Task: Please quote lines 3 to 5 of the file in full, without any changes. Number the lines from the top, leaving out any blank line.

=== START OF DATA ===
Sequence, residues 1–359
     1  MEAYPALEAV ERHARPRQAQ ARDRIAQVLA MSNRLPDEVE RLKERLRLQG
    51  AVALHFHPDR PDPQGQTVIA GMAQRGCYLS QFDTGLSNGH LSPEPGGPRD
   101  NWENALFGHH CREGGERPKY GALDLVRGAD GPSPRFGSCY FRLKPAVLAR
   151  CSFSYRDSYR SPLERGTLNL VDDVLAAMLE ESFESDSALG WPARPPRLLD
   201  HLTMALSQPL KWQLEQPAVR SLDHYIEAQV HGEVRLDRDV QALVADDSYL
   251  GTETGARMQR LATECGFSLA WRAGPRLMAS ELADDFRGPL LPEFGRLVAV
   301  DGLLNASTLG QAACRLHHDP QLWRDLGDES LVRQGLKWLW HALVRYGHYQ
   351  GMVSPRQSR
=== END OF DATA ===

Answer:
    51  AVALHFHPDR PDPQGQTVIA GMAQRGCYLS QFDTGLSNGH LSPEPGGPRD
   101  NWENALFGHH CREGGERPKY GALDLVRGAD GPSPRFGSCY FRLKPAVLAR
   151  CSFSYRDSYR SPLERGTLNL VDDVLAAMLE ESFESDSALG WPARPPRLLD